This is an extract from Pope Francis’s encyclical on the environment, Laudato Si. Here are some of the early analyses.
Will Pope Francis Break the Church? [The Atlantic]
“Told this way—conservative Jesuit fights post–Vatican II radicalization, finds himself shunned by left-wing confreres, gets rescued by a John Paul appointee—the story of Francis’s rise and fall and rise sounds for all the world like The Making of a Conservative Pope. And indeed, a number of Catholic writers greeted Bergoglio’s election—some optimistically, some despairingly—with exactly that interpretation of his past’s likely impact on his papacy. But it seems fair to say that this interpretation was mistaken. So how, exactly, did the man who fought bitterly with left-wing Jesuits in the 1970s become the darling of progressive Catholics in the 2010s?”Previously. Previously.
The Sad State of America’s Aging Sisters: Why are there so few nuns today?
You may wonder whether the global church the sisters belong to is interested in keeping the convents open. It sure seems like it isn't. By 2005, the Catholic Church had spent $1 billion on legal fees and settlements stemming from priests sexually abusing children. Yet church leaders have allocated no funds to take care of elderly sisters, and while priests’ retirement funds are covered by the church, the sisters have no such safety net. When their orders run out of money, that’s it.[more inside]
“Why would you want to be a nun if the archdiocese is going to treat you like they do?” Ann Frey at the Wartburg said. “Their whole lives they’ve been obedient and done what they were asked to do, and now nobody is helping them?”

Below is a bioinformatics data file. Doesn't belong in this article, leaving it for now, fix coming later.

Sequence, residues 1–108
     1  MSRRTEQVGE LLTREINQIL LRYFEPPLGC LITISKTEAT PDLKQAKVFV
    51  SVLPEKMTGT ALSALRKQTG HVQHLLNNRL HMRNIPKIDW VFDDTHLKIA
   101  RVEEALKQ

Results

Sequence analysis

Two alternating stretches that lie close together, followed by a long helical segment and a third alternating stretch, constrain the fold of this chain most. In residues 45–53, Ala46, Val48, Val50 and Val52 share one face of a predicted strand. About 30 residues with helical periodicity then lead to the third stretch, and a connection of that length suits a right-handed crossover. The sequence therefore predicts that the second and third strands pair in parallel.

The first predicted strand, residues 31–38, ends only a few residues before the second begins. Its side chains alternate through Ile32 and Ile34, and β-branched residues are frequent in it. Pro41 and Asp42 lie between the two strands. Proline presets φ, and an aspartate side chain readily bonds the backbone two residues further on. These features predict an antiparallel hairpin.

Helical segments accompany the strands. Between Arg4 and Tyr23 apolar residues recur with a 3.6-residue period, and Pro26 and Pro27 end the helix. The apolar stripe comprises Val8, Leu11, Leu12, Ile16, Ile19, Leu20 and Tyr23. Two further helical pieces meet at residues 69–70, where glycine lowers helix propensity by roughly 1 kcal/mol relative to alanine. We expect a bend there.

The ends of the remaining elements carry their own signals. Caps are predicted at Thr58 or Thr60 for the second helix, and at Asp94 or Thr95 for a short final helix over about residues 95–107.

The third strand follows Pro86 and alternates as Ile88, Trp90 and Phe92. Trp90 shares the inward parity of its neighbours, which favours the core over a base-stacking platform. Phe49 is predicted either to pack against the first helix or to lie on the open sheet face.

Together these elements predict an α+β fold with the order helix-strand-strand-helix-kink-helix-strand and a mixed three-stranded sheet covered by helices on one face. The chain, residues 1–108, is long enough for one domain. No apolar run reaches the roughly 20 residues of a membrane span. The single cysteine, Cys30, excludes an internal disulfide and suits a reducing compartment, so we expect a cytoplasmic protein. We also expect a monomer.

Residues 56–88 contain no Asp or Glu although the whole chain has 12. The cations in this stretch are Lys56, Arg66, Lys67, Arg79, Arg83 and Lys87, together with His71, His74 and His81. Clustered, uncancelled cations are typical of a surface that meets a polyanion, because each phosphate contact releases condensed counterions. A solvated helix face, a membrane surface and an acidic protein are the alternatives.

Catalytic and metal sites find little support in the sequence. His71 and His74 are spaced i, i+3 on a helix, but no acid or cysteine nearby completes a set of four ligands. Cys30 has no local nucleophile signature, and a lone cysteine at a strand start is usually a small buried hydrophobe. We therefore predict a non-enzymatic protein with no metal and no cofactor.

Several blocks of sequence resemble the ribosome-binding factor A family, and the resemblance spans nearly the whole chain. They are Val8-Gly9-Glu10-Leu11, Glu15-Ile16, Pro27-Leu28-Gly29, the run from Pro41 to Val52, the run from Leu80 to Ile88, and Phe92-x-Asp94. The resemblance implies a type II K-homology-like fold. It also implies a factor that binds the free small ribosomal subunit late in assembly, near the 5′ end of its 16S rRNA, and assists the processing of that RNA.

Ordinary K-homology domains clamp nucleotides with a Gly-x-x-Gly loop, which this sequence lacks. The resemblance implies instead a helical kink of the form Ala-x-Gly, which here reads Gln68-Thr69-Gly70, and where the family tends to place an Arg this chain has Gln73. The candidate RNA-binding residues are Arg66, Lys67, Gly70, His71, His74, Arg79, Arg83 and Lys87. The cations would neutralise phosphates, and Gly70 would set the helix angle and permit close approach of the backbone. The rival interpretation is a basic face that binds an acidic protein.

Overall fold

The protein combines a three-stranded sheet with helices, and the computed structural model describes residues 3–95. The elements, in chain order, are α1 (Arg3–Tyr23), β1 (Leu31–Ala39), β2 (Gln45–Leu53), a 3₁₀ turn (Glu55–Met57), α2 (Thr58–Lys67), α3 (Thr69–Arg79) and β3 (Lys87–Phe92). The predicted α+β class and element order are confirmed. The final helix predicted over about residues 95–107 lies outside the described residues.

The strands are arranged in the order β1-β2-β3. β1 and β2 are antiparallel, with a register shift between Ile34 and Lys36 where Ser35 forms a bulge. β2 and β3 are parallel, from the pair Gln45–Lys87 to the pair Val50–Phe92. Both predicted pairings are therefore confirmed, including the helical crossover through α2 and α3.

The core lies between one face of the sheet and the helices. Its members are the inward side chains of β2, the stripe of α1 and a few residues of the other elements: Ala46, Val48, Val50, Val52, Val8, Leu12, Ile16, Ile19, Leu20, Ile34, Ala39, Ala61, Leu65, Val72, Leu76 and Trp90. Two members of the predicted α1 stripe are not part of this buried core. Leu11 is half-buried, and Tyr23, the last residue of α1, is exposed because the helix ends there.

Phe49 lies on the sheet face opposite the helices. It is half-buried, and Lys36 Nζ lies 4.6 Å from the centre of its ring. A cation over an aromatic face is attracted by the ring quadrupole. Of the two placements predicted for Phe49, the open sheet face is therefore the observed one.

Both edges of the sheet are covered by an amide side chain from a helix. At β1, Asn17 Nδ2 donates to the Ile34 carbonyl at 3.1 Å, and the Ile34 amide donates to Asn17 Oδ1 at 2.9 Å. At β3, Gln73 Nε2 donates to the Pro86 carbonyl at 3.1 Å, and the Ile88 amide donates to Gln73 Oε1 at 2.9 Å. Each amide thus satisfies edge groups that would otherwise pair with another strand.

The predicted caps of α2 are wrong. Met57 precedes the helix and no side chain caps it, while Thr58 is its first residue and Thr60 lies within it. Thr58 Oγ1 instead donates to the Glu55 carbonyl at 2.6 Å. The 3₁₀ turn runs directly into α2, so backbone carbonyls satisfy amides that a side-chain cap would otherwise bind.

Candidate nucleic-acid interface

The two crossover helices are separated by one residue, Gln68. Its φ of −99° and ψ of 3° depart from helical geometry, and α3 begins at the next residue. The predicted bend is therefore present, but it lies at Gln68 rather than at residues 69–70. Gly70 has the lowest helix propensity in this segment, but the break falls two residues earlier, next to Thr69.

Pope Francis' Apostolic Exhortation Evangelii Gaudium has effectively labeled unfettered capitalism a 'tyranny' (previously). [more inside]
The setting is simple, austere. The workspace occupied by the desk is small. I am impressed not only by the simplicity of the furniture, but also by the objects in the room. There are only a few. [more inside]
This past Sunday, while privately meeting with a delegation of clerics from Latin American and Caribbean Confederation of Religious, Pope Francis reportedly confirmed the existence of a "gay lobby" within the Curia. The delegation's notes of the meeting were published by Reflection and Liberation, a Chilean website focusing on liberation theology. While the Pope's statements were not public remarks, the question puzzling most Vatican watchers is not whether he made the remarks, but rather what does gay lobby in the Vatican mean? Rocco Palmo from the blog Whispers in the Loggia. Columnist Jimmy Akin from the conservative National Catholic Register. [more inside]